What I learned at Launch Incubator in San Francisco

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forgot to take pictures, so this will have to do:)

Last July, while rain was pouring down in Belgium, I had the opportunity to spend a few days in sunny San Francisco. The first objective of my trip was to start building a network on the US West Coast. Something that can come in handy when some of the startups I help, want to expand in that direction. The opening of “Atelier in the bay”, Belcham’s coworking space for Belgian companies in San Francisco, was the perfect starting point for that.

Attacking a 9 hour time difference is not something you do just for fun. So in an effort to make the most out of my trip I contacted Jason Calacanis. I’ve been – digitally – following Jason for a number of years and I truly appreciate the mixture of bluntness, wit, insight and vision which are always grounded in solid experience (in life and in business). Opinionated is the least you could call him, but his claims are so powerful because they stem from a true conviction. His brain seems to process every experience in life into a yardstick for the future. Or simply put, he constantly tries new stuff, learns from it and moves on. And that’s what makes a great entrepreneur.
It took a bit of ‘growth hacking’ to contact Jason, but I did manage to spend an afternoon with him during a Launch incubator session. Launch incubator is Jason’s personal incubator where he preps startups (post-MPV) for launch and growth. The afternoon consisted of presentations (3 min) by each of the startups, feedback and voting by the VC’s present (so I was a San Francisco VC for 3 hours 😃 ), an update from one of the alumni (which happened to be Craig Zingerline from Votion, in which I made a small investment through Jason’s Angellist syndicate) and a stunning presentation about acquisition metrics for SaaS companies by Andy Artz from Social Capital.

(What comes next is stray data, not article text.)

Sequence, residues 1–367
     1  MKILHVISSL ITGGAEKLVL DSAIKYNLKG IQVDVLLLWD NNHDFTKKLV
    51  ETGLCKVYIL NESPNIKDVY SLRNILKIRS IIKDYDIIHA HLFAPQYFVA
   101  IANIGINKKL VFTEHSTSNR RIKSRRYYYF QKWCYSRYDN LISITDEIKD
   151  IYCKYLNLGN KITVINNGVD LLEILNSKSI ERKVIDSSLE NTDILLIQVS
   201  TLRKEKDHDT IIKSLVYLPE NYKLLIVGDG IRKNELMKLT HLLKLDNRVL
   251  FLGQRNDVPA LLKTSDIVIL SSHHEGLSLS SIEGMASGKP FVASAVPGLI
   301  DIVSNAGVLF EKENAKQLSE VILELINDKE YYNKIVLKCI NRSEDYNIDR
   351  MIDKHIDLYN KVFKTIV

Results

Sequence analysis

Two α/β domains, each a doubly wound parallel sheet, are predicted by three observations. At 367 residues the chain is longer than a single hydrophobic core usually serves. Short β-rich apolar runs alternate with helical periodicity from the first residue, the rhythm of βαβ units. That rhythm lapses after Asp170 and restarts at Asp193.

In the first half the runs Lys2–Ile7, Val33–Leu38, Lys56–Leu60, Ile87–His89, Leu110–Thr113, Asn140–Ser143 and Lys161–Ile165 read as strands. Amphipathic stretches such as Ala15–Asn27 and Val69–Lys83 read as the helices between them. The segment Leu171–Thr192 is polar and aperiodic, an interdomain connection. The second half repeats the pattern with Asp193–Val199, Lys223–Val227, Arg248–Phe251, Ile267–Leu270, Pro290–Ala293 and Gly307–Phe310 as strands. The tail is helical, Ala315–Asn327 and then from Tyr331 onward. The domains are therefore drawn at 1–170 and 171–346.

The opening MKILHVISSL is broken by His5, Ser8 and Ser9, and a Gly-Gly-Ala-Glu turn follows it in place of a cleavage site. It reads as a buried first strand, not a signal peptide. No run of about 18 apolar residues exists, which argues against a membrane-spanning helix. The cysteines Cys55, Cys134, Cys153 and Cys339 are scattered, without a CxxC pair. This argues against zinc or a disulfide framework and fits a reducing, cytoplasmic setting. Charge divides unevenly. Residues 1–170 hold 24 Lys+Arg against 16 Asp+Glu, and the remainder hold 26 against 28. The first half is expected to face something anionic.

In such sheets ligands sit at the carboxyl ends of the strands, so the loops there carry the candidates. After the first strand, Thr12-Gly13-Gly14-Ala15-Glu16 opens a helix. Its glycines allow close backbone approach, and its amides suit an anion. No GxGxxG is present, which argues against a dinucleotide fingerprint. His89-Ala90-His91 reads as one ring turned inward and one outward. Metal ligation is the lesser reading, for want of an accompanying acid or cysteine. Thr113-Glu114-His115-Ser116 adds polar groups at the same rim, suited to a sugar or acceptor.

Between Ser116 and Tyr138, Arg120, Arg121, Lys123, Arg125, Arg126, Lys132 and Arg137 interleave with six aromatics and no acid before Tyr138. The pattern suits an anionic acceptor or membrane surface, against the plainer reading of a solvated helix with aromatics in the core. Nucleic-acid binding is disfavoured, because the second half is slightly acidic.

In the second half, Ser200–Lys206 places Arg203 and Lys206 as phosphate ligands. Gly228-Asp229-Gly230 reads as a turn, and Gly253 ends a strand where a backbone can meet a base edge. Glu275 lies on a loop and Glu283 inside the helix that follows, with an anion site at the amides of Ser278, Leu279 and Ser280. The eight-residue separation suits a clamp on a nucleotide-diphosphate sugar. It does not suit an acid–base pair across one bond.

My take-aways are not novel or revolutionary, but the experience did strengthen some of the convictions I already had. Here they are:
  1. US/San Francisco startups don’t have ideas that are better or more innovative than what we see in Europe or Belgium. One of the concepts (Betagig) is even based on a model that exists in France. To my shame I must admit I didn’t know it. One thing incubee’s have in common: all of the startups had a well thought-through offering, business model and pitch. That is something we in Belgium can still improve on.
  2. Clearly the commitment of the people I met is on average a lot higher than what I’m used to seeing at home. None of them was ‘trying to get something going while keeping another job alive’. They are all laser-focused on a clear mission to make their plan work within a certain timing. If that doesn’t work they’ll probably switch back to different mode of working (consulting or working at a company) until they feel the time is right to give it another go. So it’s like hopping from one train to another when needed, rather than constantly changing lanes in an attempt to start a company and keep some kind of a salary.
  3. Startups are not about IT alone, they are about science, technology and innovation. There is no need to have an app or a cloud application to be considered an entrepreneur. As an example, one of the teams in the incubator is working on an innovative housing solution. Which brings me back to the definition of entrepreneurship I used before: doing something new and learn from it.
  4. Finally Jason proved again that success in business is about people. The incubator coaches a maximum of 8 people at a time, allowing for a lot of high quality human interaction with Jason and the mentors. Feedback is given from person to person which means it’s customised to the needs of the entrepreneur and of high quality and relevance.
So I did not only meet Jason but also got to talk with some bright people, an afternoon more then well spent. Thanks Jason (and Jacqui) for having me!
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